Big Fish Games Bets on Freemium Games, Streaming Service

When Paul Thelen started Big Fish Games—“just in my bedroom, coding games,” he says—the Internet was just beginning to transform the way people got their entertainment. And it was a very big deal: Instead of heading to the store and forking over a few $20s for a disc in a colorful box, you could test a game out and download it straight from the Internet.

In the decade since, Big Fish has matured into a steady success story. The privately held casual game company has been profitable for years, recently reporting more than $180 million in revenue for 2011, a 30 percent growth. It smartly embraced the mobile revolution in gaming, becoming a publisher and distributor of top games on Apple’s iOS platform. And these days, with nearly 600 employees worldwide, Seattle-based Big Fish occupies the kind of nameplate-adorned waterfront headquarters usually reserved for big public companies.

“It goes fast, you know? It seems like just yesterday, but it’s been a fun ride,” Thelen says from his spacious office at Big Fish, where he serves as chief of strategy. “I was having fun building games, and some of them even started getting successful and I started hiring people. And here we are.”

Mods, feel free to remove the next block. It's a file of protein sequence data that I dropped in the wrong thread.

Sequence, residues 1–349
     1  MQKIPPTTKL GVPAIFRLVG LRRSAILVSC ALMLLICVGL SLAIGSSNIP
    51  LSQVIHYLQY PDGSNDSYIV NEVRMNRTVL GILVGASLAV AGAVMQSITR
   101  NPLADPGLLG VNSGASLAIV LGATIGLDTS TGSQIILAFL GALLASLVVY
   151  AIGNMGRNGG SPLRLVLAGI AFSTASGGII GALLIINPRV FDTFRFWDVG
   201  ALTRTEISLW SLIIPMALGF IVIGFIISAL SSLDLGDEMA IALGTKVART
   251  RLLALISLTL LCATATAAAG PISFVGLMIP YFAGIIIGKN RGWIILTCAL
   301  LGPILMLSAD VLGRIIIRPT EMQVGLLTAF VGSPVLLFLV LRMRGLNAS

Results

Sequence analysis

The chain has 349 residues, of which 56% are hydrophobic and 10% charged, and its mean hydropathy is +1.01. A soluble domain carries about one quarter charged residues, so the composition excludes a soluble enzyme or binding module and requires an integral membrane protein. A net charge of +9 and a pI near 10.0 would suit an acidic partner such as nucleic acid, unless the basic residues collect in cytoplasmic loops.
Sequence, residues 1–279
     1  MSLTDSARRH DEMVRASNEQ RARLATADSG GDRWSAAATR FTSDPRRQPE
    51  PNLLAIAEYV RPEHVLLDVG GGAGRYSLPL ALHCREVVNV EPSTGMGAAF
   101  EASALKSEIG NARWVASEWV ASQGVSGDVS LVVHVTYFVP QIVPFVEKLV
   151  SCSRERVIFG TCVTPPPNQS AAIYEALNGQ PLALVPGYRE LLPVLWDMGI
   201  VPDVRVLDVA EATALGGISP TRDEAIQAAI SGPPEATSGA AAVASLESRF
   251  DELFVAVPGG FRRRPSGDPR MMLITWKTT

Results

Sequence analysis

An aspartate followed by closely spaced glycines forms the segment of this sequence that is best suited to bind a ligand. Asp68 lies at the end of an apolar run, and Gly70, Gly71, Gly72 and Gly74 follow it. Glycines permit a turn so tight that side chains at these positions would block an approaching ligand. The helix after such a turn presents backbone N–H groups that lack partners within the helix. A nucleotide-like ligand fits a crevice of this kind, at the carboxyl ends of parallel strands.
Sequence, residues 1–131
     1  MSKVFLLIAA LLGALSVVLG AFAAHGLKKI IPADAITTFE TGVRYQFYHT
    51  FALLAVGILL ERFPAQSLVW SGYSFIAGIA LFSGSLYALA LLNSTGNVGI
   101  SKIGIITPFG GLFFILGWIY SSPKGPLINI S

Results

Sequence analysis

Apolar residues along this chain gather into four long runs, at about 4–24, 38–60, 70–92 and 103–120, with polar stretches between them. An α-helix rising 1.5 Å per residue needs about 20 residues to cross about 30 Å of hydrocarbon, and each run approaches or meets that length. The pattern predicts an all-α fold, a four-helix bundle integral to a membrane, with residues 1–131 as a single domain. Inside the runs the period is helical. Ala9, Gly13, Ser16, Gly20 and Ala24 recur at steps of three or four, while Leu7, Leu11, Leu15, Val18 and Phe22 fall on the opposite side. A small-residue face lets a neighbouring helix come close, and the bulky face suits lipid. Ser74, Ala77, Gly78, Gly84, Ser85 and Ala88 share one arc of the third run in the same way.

Paul Thelen

There should be plenty more in store. On the eve of its 10th birthday, Big Fish is placing key bets on the newest changes roiling the video game industry, a sector that is often on the front edge of new technologies and ways of doing business.

After years of dedication to the traditional pay-to-play model, Big Fish is making a major push into the “freemium” consumer market—games that are free to play, but make money by charging for premium perks.

The company also is getting ready to unveil a cloud-based gaming system that will make game play faster and available almost anywhere there’s an Internet connection and a screen, a move that will open up its considerable library of PC and Mac-based games to new sales.

On top of all that, Big Fish has placed a big bet on social gaming for the first time, acquiring San Francisco-area studio Self Aware Games, which created a high-grossing gambling game for iOS and is preparing for a major move to Facebook.

These moves all come at a heady time for the video game industry, which has seen exploding businesses on the Web and social networks create fast-rising public companies and overnight multimillionaires, even as revenues have plummeted on other fronts, such as console gaming. You wouldn’t, however, mistake Big Fish for a frenzied participant in the latest gold rush.

The company, as CEO Jeremy Lewis told VentureBeat last year, is typically methodical and analytical about the moves it makes. That has parallels in the company’s core games business, too. Big Fish produces its own titles in-house, but also serves as a marketplace for other game developers to sell their wares. Big Fish has perfected its data-driven sales and marketing … Next Page »

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